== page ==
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All Our Yesterdays

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Ippolito sinks into a morbid depression at the German occupation of Poland, “with the Germans taking people away to die in the concentration camps … his will to live left him at the thought of those camps, where the Germans put their cigarettes out against the prisoners’ foreheads”. His mental equilibrium begins to be overturned: he finds he is the No 1 target for the German authorities, becomes more and more paranoid about informers, distrusts his lover and finally decides to flee to the safety of Argentina.

By sheer coincidence I’ve been reading books set during the Second World War that view events from the Italian perspective – Iris Origo’s two diaries, important pieces of work because they are a first-hand account that captures the immediacy of the events unfolding around her; and All Our Yesterdays, a work of fiction by Natalia Ginzburg also set during the same period but written in the years following the war. But even now the style remains sober and business-like, in a continuous stream of relatively short sentences, descriptive, without dialogues, and again with subdued emotion; not even when really dramatic things happen towards the end of the war.ELNet is both an online and physical gathering place for sharing content and discussion, with the goal of encouraging the promotion, professionalism and popularity of European literature in the UK. Man atrodo, kad labai sunku parašyt knygą apie kasdienybę, be didelių plot twistų ar įvykių, ir padaryt, kad ji vis tiek prikaustytų. Thus, in All Our Yesterdays, through the lens of two families, we get a broader glimpse of a country at war – Italian civilians engulfed by tension, anxiety, and mounting uncertainty given the events unfolding around them and on the world stage. Franz, we later learn, is a Jew and deeply worried about the fate of his Jewish parents who have most likely perished in the Holocaust. And this is why All Our Yesterdays feels so familiar – for it records the experiences, not of the fighting, but of those who were left behind.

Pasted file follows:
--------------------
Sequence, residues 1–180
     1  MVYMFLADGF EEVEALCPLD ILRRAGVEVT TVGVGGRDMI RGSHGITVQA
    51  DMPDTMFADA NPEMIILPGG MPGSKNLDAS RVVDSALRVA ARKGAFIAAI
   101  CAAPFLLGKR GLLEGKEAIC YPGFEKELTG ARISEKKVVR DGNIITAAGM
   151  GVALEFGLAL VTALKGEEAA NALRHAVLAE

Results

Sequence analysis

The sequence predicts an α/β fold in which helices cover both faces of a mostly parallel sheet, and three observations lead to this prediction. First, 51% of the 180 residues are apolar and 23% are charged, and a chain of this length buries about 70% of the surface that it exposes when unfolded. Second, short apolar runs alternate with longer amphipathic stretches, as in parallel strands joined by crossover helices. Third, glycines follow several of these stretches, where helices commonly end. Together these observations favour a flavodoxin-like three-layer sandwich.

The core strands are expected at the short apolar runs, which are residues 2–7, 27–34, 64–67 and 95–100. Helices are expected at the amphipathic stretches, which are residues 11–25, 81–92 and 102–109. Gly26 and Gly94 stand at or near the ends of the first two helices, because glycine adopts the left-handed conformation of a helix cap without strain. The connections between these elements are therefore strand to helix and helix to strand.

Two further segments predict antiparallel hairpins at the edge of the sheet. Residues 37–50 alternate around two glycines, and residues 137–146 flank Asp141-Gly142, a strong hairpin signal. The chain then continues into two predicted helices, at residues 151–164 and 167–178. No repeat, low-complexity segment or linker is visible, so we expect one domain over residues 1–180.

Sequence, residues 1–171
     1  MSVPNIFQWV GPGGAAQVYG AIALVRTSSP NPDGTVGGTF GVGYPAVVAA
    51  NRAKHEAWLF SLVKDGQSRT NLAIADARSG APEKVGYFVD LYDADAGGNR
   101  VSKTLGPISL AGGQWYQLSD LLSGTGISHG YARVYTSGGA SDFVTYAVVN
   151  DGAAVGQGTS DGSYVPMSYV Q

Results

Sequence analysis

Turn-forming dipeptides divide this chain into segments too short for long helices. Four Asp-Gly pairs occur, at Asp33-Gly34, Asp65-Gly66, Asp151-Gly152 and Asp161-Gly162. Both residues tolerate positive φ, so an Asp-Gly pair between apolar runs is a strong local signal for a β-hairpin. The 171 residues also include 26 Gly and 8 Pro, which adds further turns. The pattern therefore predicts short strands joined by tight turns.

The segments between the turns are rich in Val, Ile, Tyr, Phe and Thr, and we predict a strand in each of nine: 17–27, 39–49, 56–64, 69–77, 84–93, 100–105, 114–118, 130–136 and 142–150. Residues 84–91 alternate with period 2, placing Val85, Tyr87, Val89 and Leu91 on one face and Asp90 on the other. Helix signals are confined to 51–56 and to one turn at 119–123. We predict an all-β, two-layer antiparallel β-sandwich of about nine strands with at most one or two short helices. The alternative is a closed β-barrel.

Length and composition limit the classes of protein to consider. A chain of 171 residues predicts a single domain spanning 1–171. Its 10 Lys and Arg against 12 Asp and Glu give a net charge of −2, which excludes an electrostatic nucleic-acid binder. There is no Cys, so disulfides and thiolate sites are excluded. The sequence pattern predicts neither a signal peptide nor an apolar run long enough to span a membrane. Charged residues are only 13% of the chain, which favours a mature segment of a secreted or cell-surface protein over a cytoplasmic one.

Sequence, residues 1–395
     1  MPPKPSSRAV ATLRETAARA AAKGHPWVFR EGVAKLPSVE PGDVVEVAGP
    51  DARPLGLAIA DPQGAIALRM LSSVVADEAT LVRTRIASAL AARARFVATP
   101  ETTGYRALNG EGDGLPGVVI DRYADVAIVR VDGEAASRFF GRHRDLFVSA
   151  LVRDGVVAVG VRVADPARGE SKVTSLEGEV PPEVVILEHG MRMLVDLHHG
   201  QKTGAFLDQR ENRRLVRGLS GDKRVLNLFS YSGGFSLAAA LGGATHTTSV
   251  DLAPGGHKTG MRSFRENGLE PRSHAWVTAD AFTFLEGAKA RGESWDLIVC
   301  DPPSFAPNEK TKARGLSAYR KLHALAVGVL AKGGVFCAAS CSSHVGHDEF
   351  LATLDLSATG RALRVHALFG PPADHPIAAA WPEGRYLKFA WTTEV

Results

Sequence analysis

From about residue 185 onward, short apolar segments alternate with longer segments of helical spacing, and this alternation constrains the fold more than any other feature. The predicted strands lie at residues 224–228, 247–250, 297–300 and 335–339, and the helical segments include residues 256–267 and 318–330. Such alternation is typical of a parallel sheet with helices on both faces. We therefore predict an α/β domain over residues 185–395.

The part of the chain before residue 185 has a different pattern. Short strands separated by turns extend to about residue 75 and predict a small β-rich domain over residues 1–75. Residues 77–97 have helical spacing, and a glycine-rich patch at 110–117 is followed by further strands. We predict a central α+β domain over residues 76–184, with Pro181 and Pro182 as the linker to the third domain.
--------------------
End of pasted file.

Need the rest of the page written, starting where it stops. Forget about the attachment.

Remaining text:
There's an unpleasant Jewish character, something else you won't find in contemporary crowd-pleasing ww2 novels. Anna observes Ippolito and Emanuele having spirited, intense discussions furtively and they also bring Concettina’s suitor Danilo into their fold.Ginzburg, who's first husband Leone, a Russian Jew, was arrested, tortured and killed in 1944 for his underground activities of running an anti-fascist newspaper, has written a powerful novel on Italy during its darkest days of the 20th century, giving a sharp and penetrating portrait of a society desperate for change, but betrayed by war. I was astonished that I had never encountered Ginzburg’s work before: that no one, knowing me, had ever told me about her books. As readers we grow to know and love Anna deeply, but we cannot help loving at the same time her cantankerous father, her sombre and beautiful brother Ippolito, the fretting Signora Maria and all the other complex and interesting people that populate the world of the book. This accomplishment is made possible by Ginzburg’s extraordinary understanding of the human soul, by her brilliance as a prose stylist and above all by her incomparable moral clarity. For Ginzburg’s cast draws in characters from across the social spectrum, from factory owners to police sergeants, from ladies’ companions to lowly servants, and from the aristocratic Marchesa to the Italian peasants, the contandini – all with both a collective and a personal experience of the war; Ginzburg, as always, creating a satisfying tension between the general and the specific.

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